Proximity of Refuge

Mixed use is a hallmark of smart growth. Modern conventional diffuse growth dictates the separation of uses, with miles and miles of suburban residential developments unbroken by business districts. Smart growth practitioners design urban areas where residential and commercial areas are in close proximity, if not intermixed. Commercial buildings can be built to much more rigorous standards than residential single family buildings, no matter what the type of construction. The nearby presence of substantial commercial buildings could provide very real refuge when storms approach with no real time for evacuation. But to be bona-fide refuges, they must be nearby — not miles away as they were in most of the lower 9th ward and elsewhere in New Orleans. This idea of refuge on a community scale is the “safe room” writ large.

Galveston, TX, the site of the deadliest storm in U.S. history, provides a good example of how such a refuge could work. Most of Galveston was destroyed by the 1900 hurricane, but most of the commercial district withstood the storm and still stands today.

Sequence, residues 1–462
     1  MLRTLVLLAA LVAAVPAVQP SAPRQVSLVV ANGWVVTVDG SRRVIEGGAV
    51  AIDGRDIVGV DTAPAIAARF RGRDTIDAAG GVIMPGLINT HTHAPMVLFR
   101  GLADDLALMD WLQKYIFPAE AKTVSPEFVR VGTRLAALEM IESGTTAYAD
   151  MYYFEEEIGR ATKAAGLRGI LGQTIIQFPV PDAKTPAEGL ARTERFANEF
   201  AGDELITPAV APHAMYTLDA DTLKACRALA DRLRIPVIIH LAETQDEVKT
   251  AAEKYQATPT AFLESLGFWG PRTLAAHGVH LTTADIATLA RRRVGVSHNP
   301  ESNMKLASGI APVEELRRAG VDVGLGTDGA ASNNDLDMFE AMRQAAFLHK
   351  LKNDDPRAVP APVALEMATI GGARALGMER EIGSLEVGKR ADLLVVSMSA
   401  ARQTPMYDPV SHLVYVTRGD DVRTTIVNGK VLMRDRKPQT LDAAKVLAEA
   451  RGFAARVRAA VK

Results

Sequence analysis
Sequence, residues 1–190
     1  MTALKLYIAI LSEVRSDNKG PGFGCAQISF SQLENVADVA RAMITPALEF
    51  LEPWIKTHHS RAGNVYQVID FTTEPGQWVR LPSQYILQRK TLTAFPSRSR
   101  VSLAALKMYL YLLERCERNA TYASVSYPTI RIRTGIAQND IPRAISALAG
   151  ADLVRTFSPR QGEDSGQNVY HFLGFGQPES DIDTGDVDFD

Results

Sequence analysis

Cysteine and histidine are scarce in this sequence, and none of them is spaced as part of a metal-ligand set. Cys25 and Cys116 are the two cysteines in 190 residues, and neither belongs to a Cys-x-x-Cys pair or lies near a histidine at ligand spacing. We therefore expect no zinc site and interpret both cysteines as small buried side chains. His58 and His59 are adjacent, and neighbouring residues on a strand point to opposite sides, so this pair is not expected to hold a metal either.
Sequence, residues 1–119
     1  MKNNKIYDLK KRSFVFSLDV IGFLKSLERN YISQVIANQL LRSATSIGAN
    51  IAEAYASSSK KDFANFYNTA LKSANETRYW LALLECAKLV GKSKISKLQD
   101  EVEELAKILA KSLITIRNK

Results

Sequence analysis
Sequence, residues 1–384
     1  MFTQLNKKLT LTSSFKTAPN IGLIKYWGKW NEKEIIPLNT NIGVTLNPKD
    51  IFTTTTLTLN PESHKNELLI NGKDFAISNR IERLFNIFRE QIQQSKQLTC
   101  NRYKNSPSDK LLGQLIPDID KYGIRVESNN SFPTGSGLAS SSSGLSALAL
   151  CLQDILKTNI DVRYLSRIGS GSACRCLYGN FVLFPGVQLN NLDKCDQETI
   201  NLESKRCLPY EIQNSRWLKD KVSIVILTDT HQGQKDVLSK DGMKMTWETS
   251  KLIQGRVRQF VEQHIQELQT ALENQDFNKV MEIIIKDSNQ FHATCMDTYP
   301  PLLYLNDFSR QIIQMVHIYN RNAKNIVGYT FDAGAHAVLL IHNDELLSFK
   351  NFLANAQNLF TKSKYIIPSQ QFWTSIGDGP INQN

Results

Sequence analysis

People standing among destroyed homes in 1900.

Destruction from the 1900 storm in Galveston, Texas. Photograph courtesy of Rosenberg Library.

The highest survivorship was from people who took refuge in this zone (fewer took advantage of the refuge than could have because they were led to believe that the storm would not be serious {Larson, 2000}).

The only way to have substantial buildings within walking distance of residential areas is to build an area compact enough that pedestrian traffic could be a significant part of the retail business. Most municipalities along the Gulf Coast have codes that proscribe this kind of mixed use, and most places prescribe such large lots for single family homes (> 7,000 sq feet) that walkability is out of the question.

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